Employers must formalise their flexible retirement policies ahead of the abolition of the default retirement age or risk breaching age discrimination laws, JLT Benefit Solutions warns.
The consultant said client research revealed the majority of sponsors and schemes remain unprepared for the consequences of the DRA removal, set for April 2011.
JLT Benefit Solutions head of technical services John Wilson explained the number of people working over the age of 65 would create benefit headaches for bosses.
He said: "There is quite a lot of work to be done on the implications - both for retirement benefits and ancillary benefits such as life insurance and permanent health insurance."
Wilson said at present people who work over the age of 65, and do not take benefits, continue to receive those benefits unless their employer can ‘objectively justify' otherwise.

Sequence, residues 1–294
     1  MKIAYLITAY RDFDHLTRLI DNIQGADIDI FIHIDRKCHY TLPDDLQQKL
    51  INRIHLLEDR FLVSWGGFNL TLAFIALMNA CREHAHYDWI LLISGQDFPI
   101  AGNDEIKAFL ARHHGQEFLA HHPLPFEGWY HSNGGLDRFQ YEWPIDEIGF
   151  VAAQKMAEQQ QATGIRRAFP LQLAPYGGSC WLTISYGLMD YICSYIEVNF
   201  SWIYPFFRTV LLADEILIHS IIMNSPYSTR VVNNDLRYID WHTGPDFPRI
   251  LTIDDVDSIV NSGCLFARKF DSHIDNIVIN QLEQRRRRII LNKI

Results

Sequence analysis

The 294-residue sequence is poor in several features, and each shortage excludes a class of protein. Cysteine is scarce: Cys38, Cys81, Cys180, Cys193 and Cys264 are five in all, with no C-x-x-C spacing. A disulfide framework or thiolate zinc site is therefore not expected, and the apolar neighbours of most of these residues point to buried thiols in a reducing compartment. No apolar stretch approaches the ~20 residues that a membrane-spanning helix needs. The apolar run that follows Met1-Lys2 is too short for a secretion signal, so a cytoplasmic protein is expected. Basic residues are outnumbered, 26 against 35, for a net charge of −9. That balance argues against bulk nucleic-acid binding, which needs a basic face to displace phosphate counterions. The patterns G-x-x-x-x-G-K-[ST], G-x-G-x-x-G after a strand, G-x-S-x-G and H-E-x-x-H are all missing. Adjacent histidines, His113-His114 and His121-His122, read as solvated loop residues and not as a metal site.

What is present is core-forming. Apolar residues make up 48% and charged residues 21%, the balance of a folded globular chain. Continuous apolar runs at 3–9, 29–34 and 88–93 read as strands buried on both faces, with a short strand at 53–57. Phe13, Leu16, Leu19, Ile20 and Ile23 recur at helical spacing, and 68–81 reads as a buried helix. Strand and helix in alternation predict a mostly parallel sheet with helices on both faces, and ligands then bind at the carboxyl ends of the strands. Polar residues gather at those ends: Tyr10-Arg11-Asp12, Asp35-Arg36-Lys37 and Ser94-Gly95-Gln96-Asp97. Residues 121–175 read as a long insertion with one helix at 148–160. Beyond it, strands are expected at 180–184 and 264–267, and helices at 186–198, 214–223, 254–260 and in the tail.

He said: "Just citing cost alone is not considered a sufficient defence, there would have to be something else. Employers need to decide now what they will and will not allow.
"For instance, will they allow employees to take some of their benefits if they remain in service? What will they be willing to provide? They then need to talk to their advisers about whether their proposed strategy is something there is compliant with age discrimination legislation or can be objectively justified."
Wilson added: "We have already seen cases of an increasing amount of flexible working, and there will be more legislation to facilitate that. The issue will become all that more acute when there is no mandatory retirement age."
He urged the government to issue more extensive guidance on how age discrimination interacts with employee benefits quickly.
Article from Professional pensions